My Case

Editor's note:

This article was originally published in The Wall Street Journal

Lee C. Bollinger
June 20, 2003

For the last six years, I, like many others, have dedicated a good part of my life to defending the fundamental principle at stake in the two so-called affirmative action cases -- Gratz/Grutter v. Bollinger -- now awaiting decision in the Supreme Court. When I attended the oral arguments in April, it had been 30 years since I had visited the courtroom to observe a case. In 1973, after graduating from Columbia Law School, I served as a law clerk to Chief Justice Warren Burger. It never occurred to me then that I might return one day to witness a case bearing my name or that the principle fate would bring my way was one I or anyone else would be called upon to defend in that chamber.

Brown v. Board of Education (in 1954) was a defining case for America, especially for law students of my generation. Personally, I have never experienced systematic discrimination. I've been treated unfairly, like everyone else, but these have been discrete and occasional events, not persistent occurrences. The Civil Rights era that followed Brown made apparent to everyone, and especially to people like me, that many in society live with day-in-day-out discrimination. By 1973 we were entering (to borrow a phrase from one of Columbia's great professors, Lionel Trilling) the middle of the journey from Brown. It was dawning on society that the matter of race in America could not be addressed simply by declaring an end to legally mandated separation and discrimination. More was required and education was one key element of a larger solution.

The policies throughout higher education now at issue in the court were created during this period. They withstood constitutional assault in the Bakke decision in 1978. I have been reliably told that Justice Lewis Powell, a son of Virginia whose life was marked by the opportunities we all wish for our children, was proudest of his seminal opinion in that case, an opinion which permitted higher education to consider race as one of many criteria in order to compose an integrated student body for educational purposes.

Somehow in the last decade or so a significant part of this world view was -- temporarily -- lost. A perspective arose that understands the world as basically level and fair for everyone, that seeks to be evaluated against the single standard of individual entitlement with little room for considering what's good for society, and that seeks a completely novel and unprecedented constitutional norm of "colorblindness." How this happened is a story worth telling, but on another occasion. In 1996 this view, however, scored a huge legal victory in the Hopwood litigation against the University of Texas Law School. Later that year, it gained seemingly irreversible momentum in the California referendum known as Proposition 209, amending the state constitution to forbid the use of race as a factor for admission to public universities.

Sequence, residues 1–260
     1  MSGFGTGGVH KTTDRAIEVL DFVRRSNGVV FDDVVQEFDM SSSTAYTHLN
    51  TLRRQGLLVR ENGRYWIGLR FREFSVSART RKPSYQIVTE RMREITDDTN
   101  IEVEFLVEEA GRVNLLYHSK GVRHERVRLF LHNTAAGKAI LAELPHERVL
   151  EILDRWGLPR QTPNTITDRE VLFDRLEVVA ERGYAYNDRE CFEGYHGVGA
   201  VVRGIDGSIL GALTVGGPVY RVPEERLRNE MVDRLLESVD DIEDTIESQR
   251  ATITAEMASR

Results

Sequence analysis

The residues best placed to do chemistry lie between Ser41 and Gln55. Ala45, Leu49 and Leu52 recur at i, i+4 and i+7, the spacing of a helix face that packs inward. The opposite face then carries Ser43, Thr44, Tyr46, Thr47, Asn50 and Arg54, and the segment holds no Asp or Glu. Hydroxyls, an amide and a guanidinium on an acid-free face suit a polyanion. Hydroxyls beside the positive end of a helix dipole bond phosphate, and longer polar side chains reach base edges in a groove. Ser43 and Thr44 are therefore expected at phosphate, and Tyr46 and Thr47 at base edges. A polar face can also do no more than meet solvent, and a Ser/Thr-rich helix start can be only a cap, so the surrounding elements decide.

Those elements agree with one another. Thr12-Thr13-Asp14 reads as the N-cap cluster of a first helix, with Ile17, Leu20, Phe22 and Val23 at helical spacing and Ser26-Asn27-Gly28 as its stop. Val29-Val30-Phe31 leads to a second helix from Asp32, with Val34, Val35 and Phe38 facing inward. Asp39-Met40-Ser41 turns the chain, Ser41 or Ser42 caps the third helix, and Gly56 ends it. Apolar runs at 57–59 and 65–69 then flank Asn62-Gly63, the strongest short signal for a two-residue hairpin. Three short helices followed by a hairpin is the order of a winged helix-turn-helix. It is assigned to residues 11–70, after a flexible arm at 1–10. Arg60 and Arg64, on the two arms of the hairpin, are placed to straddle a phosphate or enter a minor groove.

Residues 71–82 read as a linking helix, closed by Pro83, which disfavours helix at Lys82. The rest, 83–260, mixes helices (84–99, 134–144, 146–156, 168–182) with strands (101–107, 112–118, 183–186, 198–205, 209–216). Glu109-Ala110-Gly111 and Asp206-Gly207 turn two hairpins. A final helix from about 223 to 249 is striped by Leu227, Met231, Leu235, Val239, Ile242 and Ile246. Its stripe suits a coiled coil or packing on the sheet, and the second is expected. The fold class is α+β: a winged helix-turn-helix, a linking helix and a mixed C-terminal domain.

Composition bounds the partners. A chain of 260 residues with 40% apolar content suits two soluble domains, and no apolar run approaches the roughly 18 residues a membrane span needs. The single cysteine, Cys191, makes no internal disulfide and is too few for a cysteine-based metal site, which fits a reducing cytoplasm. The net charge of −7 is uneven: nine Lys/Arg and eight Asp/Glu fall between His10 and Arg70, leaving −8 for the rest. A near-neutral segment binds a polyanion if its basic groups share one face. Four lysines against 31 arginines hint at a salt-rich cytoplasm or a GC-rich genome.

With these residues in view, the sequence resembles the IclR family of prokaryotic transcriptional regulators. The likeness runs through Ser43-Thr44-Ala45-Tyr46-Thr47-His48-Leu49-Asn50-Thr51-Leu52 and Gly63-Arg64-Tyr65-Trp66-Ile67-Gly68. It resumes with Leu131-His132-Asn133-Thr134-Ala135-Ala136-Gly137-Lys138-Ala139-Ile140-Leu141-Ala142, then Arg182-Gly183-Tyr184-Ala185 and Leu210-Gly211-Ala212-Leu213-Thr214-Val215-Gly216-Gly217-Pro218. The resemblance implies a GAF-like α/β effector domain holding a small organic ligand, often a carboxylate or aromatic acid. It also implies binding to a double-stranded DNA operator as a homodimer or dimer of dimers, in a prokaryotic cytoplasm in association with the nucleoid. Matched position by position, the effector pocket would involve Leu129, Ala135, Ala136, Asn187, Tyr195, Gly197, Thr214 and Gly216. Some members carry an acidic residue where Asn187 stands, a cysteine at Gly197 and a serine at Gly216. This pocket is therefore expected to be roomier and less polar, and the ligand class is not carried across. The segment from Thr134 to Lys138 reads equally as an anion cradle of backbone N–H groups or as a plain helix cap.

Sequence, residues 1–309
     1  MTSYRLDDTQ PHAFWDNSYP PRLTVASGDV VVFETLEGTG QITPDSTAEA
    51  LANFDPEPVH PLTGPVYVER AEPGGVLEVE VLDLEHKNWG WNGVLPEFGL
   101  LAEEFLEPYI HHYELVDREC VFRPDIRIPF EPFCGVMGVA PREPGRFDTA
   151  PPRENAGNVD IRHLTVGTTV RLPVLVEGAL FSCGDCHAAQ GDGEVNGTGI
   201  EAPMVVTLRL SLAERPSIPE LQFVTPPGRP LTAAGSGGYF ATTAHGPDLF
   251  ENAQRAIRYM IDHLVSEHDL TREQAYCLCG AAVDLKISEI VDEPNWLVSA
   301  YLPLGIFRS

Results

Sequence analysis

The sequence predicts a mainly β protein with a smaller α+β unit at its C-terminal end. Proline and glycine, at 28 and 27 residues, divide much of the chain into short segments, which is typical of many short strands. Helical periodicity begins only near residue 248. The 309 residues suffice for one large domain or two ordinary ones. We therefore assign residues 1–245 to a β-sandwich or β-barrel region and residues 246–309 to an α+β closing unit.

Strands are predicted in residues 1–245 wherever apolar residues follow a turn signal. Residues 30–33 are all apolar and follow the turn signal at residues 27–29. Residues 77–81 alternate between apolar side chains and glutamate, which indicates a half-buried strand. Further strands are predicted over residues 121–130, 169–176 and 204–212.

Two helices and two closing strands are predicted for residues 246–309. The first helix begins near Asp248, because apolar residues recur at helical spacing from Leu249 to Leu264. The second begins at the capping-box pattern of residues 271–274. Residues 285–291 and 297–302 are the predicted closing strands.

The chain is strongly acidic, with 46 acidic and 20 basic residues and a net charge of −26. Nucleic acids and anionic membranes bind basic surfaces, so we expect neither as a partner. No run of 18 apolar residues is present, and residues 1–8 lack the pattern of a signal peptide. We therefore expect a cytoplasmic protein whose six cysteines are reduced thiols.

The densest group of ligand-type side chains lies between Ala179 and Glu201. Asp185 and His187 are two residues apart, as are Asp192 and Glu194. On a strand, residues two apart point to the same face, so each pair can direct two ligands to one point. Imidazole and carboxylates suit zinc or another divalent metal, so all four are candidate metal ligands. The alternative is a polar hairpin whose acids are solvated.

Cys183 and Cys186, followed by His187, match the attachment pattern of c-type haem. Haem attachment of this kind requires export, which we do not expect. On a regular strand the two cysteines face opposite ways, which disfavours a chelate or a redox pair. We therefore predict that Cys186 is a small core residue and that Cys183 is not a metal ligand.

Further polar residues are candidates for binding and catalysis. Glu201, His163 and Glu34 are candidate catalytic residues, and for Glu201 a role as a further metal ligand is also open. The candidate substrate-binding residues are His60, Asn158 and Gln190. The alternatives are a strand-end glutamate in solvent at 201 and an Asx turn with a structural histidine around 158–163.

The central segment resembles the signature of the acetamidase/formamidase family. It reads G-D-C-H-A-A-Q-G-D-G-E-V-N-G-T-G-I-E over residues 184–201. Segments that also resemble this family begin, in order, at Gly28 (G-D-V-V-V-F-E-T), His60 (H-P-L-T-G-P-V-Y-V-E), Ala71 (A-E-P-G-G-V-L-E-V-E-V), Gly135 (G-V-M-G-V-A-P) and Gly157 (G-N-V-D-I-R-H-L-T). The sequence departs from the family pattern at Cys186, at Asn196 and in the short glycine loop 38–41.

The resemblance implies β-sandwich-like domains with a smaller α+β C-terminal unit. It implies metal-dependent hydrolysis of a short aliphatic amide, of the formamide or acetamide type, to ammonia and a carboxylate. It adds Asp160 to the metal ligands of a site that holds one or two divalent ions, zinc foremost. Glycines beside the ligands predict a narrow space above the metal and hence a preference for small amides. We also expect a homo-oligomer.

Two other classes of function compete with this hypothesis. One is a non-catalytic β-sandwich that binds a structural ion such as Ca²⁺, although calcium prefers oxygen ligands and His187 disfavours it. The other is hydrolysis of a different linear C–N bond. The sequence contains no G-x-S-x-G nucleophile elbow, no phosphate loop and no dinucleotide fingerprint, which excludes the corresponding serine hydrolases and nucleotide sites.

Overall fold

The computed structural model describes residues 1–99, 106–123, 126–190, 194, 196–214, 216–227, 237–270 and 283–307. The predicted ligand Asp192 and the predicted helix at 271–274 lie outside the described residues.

When the lawsuits were filed against Michigan, this was the emerging legal and political landscape. I must say that one of the most heartening events in my lifetime has been the continuing and evident evocative power of Brown and its progeny and the fact that so many of the leaders in our national community have not lost sight of the challenges we face -- from President Gerald Ford to General Motors, Steelcase, Microsoft, and vast numbers of U.S. corporations; from labor to religious leaders; and from virtually all of higher education to distinguished military leaders and institutions. From the moment we decided to stand firm, the support across the society swelled until it has become apparent to all just how much the country has accomplished since Brown.

It would be foolish to predict the outcome next week. Yet, I find it difficult to imagine a historic change of course at this point. If the court upholds the basic principle of allowing our colleges and universities to continue -- as they have for decades -- to bring many different kinds of students together in order to enhance everyone's capacity to cross sensibilities and to help create a better citizenry, we must not pause to celebrate. So much remains to be done.

We in higher education must do a better job of reaping more of the educational benefits we claim for diversity. The society must do more to reduce if not eliminate the inequities of our K-12 system, and universities can do more to help. And we must recognize a hard reality: With present and future appointments to the judicial branch, with such determined foes to affirmative action who I predict will not relent in the face of a defeat, and with cautious legal counsel warning university presidents of the risks and burdens of defending lawsuits (which, I can testify, are extraordinary), we properly should worry that a victory here and now will be pyrrhic.

In the cycles visible in American history, few stand out more dramatically than the ebbing and flowing of our commitments to dealing with the injustices -- and the potential richness -- of racial differences. From the incorporation of slavery into our fundamental laws at the moment of national conception, to the bloody crushing of slavery in the Civil War, to the upholding of Jim Crow laws in Plessy v. Ferguson, to the emphatic rejection of "separate but equal" in Brown, to today, the nation has labored mightily and retreated wearily. I have to say it feels like one of those decisive moments right now.